Doug: And I’m so glad you use that illus­tra­tion in the sto­ry, because it’s, just to talk about things in the abstract of, you know, of crony­ism or things of that nature, but to have a real sto­ry right there, you’re right. When some­thing’s hap­pen­ing unan­i­mous­ly, that’s a lit­tle scary. And then it goes in a direc­tion like this, you know, it’s too often peo­ple kin­da look at things in a small piece and they don’t under­stand or appre­ci­ate the knock-on effect or the mes­sage that it sends to more and more peo­ple, to take away their hopes and their aspi­ra­tions, or to make it hard­er, or just, they’ve just cre­at­ed anoth­er bar­ri­er to over­come. So take it from-

Alan: You can play it out, I mean you’ve been in busi­ness, you know exact­ly what I’m talk­ing about, so you can play it out fur­ther. So now there’s less mon­ey com­ing into the busi­ness. So maybe they hire one less per­son. And maybe that per­son, that was an entry lev­el job, maybe that was a for­mer­ly incar­cer­at­ed indi­vid­ual. Maybe that was an 18-year-old who has no chance of going to col­lege, and this would’ve been their first entrance to the work­force. When I worked at Domi­no’s Piz­za, the day my work per­mit came through at 15, I learned more than I learned in my entire school­ing, through col­lege. I learned I need­ed to be on time, I was part of a team, I was being count­ed on, I had to have my uni­form clean. We had things to do, it was gonna be a busy night. We need­ed to get those piz­zas out. And that was incred­i­ble. I mean, Char­lie Munger likes to joke that the McDon­ald’s cor­po­ra­tion has taught more youth in this coun­try than the entire Ivy League com­bined have con­tributed. And I real­ly believe that. So now they did­n’t hire that one per­son, and that’s one less job in the com­mu­ni­ty. And so you can con­tin­ue to play out how crony cap­i­tal­ism and cor­rup­tion do. And now that fam­i­ly now believes you can’t get a fair shake in Amer­i­ca, cause the sys­tem’s rigged, because our land­lord, who’s try­ing to help us, can’t go out and get us the best price the way he does with every oth­er ven­dor at the prop­er­ty. He’s stuck with this and we have to pay for it. So it just, you’re killing that gold­en goose. That’s the last thing you wan­na do. You wan­na feed that goose, you wan­na strength­en that goose, so more peo­ple can par­tic­i­pate in this incred­i­ble miracle.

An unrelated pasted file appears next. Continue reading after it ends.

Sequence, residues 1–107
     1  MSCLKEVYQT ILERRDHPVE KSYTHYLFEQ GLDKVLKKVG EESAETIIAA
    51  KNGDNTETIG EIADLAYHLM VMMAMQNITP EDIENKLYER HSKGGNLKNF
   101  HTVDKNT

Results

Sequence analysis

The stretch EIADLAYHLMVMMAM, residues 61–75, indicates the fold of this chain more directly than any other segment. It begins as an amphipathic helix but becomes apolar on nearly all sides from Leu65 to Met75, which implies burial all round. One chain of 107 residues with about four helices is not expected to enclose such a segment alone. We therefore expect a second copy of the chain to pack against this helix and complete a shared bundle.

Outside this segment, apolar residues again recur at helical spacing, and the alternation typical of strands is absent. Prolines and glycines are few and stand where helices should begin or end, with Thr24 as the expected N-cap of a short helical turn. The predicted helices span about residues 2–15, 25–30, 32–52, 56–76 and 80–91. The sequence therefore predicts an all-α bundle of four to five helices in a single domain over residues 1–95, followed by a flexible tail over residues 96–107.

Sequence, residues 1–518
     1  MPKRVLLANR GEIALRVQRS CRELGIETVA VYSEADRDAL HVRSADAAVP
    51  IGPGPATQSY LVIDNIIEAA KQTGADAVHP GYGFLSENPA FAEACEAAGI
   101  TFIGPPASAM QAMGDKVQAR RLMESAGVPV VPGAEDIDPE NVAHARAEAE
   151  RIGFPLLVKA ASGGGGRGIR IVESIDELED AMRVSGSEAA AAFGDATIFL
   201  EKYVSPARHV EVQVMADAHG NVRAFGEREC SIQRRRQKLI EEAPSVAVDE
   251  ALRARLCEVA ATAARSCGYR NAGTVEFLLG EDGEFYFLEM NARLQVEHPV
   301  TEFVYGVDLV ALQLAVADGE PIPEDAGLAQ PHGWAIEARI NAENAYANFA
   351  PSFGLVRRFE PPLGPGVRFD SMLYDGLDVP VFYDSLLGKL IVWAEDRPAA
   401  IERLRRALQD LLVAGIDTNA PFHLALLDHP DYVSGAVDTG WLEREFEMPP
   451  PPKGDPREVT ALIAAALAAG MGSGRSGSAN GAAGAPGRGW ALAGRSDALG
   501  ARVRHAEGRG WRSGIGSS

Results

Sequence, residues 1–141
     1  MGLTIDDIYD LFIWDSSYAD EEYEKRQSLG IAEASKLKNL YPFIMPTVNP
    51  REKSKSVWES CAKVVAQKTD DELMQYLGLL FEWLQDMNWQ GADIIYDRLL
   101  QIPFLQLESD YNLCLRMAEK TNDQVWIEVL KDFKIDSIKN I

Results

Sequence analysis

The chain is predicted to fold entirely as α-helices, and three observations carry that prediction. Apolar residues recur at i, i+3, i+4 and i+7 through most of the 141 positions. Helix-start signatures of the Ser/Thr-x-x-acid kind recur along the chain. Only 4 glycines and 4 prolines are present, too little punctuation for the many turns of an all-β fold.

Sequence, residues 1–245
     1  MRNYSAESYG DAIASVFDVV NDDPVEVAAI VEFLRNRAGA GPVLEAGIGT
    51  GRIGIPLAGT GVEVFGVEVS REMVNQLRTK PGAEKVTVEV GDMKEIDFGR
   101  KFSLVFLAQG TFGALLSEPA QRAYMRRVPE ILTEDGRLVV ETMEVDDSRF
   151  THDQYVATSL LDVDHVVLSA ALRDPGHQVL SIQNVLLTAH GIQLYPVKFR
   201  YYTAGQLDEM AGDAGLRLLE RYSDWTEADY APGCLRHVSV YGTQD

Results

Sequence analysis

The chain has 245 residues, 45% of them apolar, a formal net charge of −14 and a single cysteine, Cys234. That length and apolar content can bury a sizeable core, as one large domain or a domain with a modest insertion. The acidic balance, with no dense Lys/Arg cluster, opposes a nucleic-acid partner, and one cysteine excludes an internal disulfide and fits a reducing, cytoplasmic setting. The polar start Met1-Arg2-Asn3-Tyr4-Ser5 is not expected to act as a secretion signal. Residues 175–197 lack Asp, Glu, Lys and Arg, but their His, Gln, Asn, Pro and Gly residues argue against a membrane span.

Doug: Yeah, yeah, make it more inclu­sive, more oppor­tu­ni­ty for more peo­ple to be able to do more things that they wan­na do, that they can pur­sue, and learn more along the way, you know? And so, again, take that to say, you know, that exam­ple, and I don’t mean the exam­ple of the com­mis­sion action, the exam­ple of all those peo­ple, all those stores, all those shop own­ers, all those fam­i­lies, all those employ­ees, and that idea that train­ing in your first entry-lev­el job, and it may not pay a lot, but this wealth of char­ac­ter that you can build and how that can be tak­en for­ward, that’s what your par­ents taught you. That’s what you are teach­ing your kids. And I think you had, you know, tell us about how you keep that going, and how we all, all our audi­ence here, can use some of those things in their lives to express those val­ues, those char­ac­ter­is­tics, to oth­ers around them.

Alan: Sure. With­out show­ing myself as too much of a pol­i­cy nerd, I mean, I think you’ve already fig­ured out and your lis­ten­ers have by now, you’re talk­ing to a grade A dork, right? This is as nerdy as it gets. But it’s actu­al­ly why I always get wor­ried when we talk about rais­ing the min­i­mum wage too much. I think a lit­tle bit is fine, but I’d much rather see it with an earned income tax cred­it, a much larg­er earned income tax cred­it, than a min­i­mum wage. And the rea­son is, when I was at Domi­no’s Piz­za mak­ing four and a quar­ter an hour, 17 a shift, 1353 after tax, I was being paid a lot more than that. Not in dol­lars, but in knowl­edge, in dig­ni­ty, in self-worth, and my love of work. I mean I felt great at the end of the night, going home tired. I felt even bet­ter on Fri­day, when I got that pay­check and, you know, it was a hun­dred dol­lars, what­ev­er it was, that was my mon­ey. I earned that. That is damn addic­tive, you know. That is a fan­tas­tic feel­ing, and that’s the Amer­i­can dream, right? The rea­son my father was so ecsta­t­ic the first day, and he would always refer to this as heav­en. He said, this place is heav­en. I was will­ing to work, and I made a $1.25 an hour. My first day I could earn, and that’s an incred­i­ble thing. And then he worked his way up and he became the man­ag­er of the ship­ping depart­ment a few years lat­er and was mak­ing more. So rather than see that as such a low-lev­el thing, I real­ly think the entrance to the work­force to join­ing a team, that’s great. I don’t like the idea of encour­ag­ing every, espe­cial­ly in food ser­vice, encour­ag­ing all of them to spend more and more on tech­nol­o­gy, because they have to get rid of their peo­ple, because we’ve made it so unaf­ford­able, and it’s been so dif­fi­cult to hire peo­ple, so let’s just try and make it more and more and more auto­mat­ed. Cause I wor­ry, cause I gained so much from my pizze­ria expe­ri­ence, and then I, when I got my license I went to a nicer pizze­ria and I made more mon­ey, and I did all that through col­lege, it was great. So that’s just one part. The sec­ond part is, it’s tough for me to answer the sec­ond part of the ques­tion because I was so lucky. My par­ents nev­er preached hard work, we just saw it. They both worked their butts off every sin­gle day. My dad got up when it was dark. He nev­er missed a fam­i­ly din­ner. He nev­er missed one of my ball games. Does­n’t mat­ter I was the worst bas­ket­ball play­er you could ever see, he nev­er missed a game. He was at every one of my base­ball games. He was coach­ing, he was so involved in the com­mu­ni­ty. So I think my sis­ter and I did have that huge advan­tage that a lot of peo­ple don’t have of see­ing your mom and dad work so hard every day, because then you just think that’s what you do. This is what you do. You have to get up and work hard.